Fractures of the calcaneus are common in adults, accounting for 1–2% of all adult fractures [6, 7]. However, in children, it is less common, with an incidence of only 1 in 100.000 fractures [8, 9]. They constitute one-third of pediatric tarsal fractures [10]. Historically, this low incident has been attributed to the pediatric calcaneus having a larger, more resilient cartilage component, and to the relative strength of the bone in relation to the body weight of the child [10, 11]. Non-displaced calcaneus fractures in young children tend to be missed, which is another contributing reason for the reported low incidence of this fracture in children [12]. Schmidt and Weiner [6] proposed a classification system for pediatric calcaneal fractures in which all calcaneal tuberosity fractures were classified as Type 2 ([1] beak fracture; [2] avulsion fracture of insertion of Achilles tendon). On the other hand, Walling et al. [3] considered calcaneal tuberosity fractures different from other calcaneal fractures because they involve an apophysis, hence, they could be classified into four types, analogous to the Salter-Harris classification. In this case report, the fracture described can be classified as Schmidt Type 2b or Salter-Harris type 4 fracture. There are few case reports on pediatric calcaneal tuberosity fractures in the literature. Alvarez Fernandez et al. [1] described a 10-year-old girl that initially presented with non-traumatic heel pain, and minimal changes on the initial radiographs, managed initially with rest and analgesia, however, there was a recurrence of symptoms 6 months later with heel deformity and ankle equines, at which time radiographs showed a displaced calcaneal tuberosity separation which the author attributed to repetitive microtrauma leading to epiphysiolysis. The fracture was treated with open reduction and internal fixation with screws combined with Z lengthening of the calcaneal tendon, and the result was good. Walling et al. [3] reported on 11 patients who had calcaneal apophyseal avulsion fractures, six patients had open fractures from lawn mowers injury (SH type 1 and 3) who were treated surgically, all had growth disturbances of the posterior calcaneus, and problems with shoe wear, heel pain, and scar pain. Two adolescent patients had a slipped apophysis (Salter-Harris type 1) that resembled a slipped capital femoral epiphysis, both were treated conservatively, and had posterior calcaneal symptomatic growth deformities and intermittent heel pain. Three adolescent patients had Salter-Harris type 4 split apophyses, all were treated by closed reduction and casting initially, but one patient continued to be symptomatic and was treated with fixation with a staple, all three eventually were asymptomatic at follow-up. In 1995, Cole et al. [2] reported the treatment of this fracture in four children, three of them had surgery with fixation using cannulated screws or Kirschner wires, while one was treated with a cast. All patients returned to full activity, with good functional results. Inokuchi et al. [12] in his series of 20 pediatric calcaneal fractures reported on a 9 years old with an avulsion fracture of the calcaneus tuberosity that was treated with open reduction and fixation with Kirschner wires, with good result. The other patient in his report that required surgery was a 13-year-old male with bilateral calcaneal intra-articular fractures, where one side was treated with open reduction and Kirschner wire fixation and the other side treated with closed reduction and casting. All other fractures in his report were managed with casting only.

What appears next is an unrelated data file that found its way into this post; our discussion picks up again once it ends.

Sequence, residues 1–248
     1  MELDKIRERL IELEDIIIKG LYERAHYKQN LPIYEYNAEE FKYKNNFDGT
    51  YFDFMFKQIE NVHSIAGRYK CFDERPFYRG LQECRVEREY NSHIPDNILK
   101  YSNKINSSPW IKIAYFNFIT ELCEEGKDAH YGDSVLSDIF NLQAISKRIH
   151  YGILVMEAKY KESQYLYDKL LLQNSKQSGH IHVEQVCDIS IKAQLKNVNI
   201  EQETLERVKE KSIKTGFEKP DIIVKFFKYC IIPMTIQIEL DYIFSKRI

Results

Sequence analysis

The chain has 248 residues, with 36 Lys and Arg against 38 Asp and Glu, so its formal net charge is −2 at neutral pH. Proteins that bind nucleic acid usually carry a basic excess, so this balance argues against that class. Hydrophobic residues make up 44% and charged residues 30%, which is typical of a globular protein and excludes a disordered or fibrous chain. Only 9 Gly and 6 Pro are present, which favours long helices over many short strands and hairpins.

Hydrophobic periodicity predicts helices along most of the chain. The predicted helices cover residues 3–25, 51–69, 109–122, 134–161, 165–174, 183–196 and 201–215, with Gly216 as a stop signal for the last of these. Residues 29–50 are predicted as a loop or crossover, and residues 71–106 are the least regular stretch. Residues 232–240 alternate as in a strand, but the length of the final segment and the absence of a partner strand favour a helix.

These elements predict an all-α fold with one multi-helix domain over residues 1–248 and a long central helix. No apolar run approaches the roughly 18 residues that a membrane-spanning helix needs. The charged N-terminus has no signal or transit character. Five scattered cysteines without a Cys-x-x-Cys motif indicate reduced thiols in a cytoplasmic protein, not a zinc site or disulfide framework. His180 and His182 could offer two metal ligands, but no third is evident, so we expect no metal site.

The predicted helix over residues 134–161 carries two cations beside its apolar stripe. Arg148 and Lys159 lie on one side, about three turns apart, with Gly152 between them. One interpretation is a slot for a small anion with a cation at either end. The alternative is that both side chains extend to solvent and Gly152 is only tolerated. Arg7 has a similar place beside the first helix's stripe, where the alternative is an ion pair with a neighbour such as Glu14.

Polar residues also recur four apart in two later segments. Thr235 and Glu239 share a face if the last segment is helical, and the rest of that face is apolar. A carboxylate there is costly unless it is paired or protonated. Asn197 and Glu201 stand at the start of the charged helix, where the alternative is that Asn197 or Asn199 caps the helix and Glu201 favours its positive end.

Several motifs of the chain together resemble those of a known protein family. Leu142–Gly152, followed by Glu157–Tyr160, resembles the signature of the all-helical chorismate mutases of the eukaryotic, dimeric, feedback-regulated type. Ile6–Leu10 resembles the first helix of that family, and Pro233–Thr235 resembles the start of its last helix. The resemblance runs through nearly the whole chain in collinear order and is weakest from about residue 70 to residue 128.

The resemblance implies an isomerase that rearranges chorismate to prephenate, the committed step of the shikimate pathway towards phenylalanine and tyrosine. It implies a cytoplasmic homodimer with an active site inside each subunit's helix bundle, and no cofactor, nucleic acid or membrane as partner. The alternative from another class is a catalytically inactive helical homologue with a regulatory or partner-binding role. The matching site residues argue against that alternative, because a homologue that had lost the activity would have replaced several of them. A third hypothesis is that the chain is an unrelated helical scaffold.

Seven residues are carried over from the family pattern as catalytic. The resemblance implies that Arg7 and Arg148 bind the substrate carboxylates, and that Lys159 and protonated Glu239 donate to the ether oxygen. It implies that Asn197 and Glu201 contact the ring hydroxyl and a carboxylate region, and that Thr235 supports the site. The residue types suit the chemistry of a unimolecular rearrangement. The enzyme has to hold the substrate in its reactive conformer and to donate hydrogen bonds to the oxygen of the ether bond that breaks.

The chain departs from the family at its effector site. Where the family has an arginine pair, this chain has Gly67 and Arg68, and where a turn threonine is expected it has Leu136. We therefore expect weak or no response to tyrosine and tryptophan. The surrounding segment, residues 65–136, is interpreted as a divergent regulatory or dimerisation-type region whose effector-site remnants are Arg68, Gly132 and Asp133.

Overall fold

Conclusion
We present a rare pediatric fracture that can compromise the local soft tissue and potentially cause devastating complications, but at the same time can have excellent result once treated properly. Most pediatric calcaneal fractures can be treated conservatively, with expected good result, but displaced calcaneal tuberosity fractures and intra-articular calcaneal fractures are an indication for operative treatment [11, 12].

Clinical Message
Fixing pediatric calcaneal tuberosity fractures with screws, or Kirschner wires, supplemented with a cast usually gives good stability, with no reported fracture displacement or implant failure, even in the case of our patient, with her medical history of leukemia, and treatment with chemotherapy and corticosteroids.

References
1. Alvarez Fernandez J, Vaquero MV, Cimiano JG. Epiphysiolysis of the great tuberosity of the calcaneum: Brief report. J Bone Joint Surg Br 1989;71:321.
2. Cole RJ, Brown HP, Stein RE, Pearce RG. Avulsion fracture of the tuberosity of the calcaneus in children. A report of four cases and review of the literature. J Bone Joint Surg Am 1995;77:1568-71.
3. Walling AK, Grogan DP, Carty CT, Ogden JA. Fractures of the calcaneal apophysis. J Orthop Trauma 1990;4:349-55.
4. Rauer T, Twerenbold R, Flückiger R, Neuhaus V. Avulsion fracture of the calcaneal tuberosity: Case report and literature review. J Foot Ankle Surg 2018;57:191-5.
5. Azar FM BJ, Canale ST. Campbell’s Operative Orthopedics. 13th ed. Netherlands: Elsevier, Inc.; 2017.
6. Schmidt TL, Weiner DS. Calcaneal fractures in children. An evaluation of the nature of the injury in 56 children. Clin Orthop Relat Res 1982;171:150-5.
7. Brunet J. Calcaneal fractures in children: Long-term results of treatment. J Bone Joint Surg Br 2000;82:211-6.
8. Bernard L. Nonoperative treatment of fractures of the calcaneus. J Bone Joint Surg Am 1963;45:865-7.
9. Wiley J, Profitt A. Fractures of the os calcis in children. Clin Orthop Relat Res 1984;188:131-8.
10. Ishikawa SN. Conditions of the calcaneus in skeletally immature patients. Foot Ankle Clin 2005;10:503-13.
11. Abdelgawad AA, Kanlic E. Minimally invasive (sinus tarsi) approach for open reduction and internal fixation of intra-articular calcaneus fractures in children: Surgical technique and case report of two patients. J Foot Ankle Surg 2015;54:135-9.
12. Inokuchi S, Usami N, Hiraishi EH. Calcaneal fractures in children. J Pediatr Orthop 1998;18:469-74.


Dr. Ehab S Saleh Dr. Ahmed Elabd

How to Cite This Article: Saleh ES, Elabd A. Pediatric Calcaneal Tuberosity Avulsion Fracture: A Case Report and Literature Review. Journal of Orthopaedic Case Reports 2021 March;11(3): 25-28.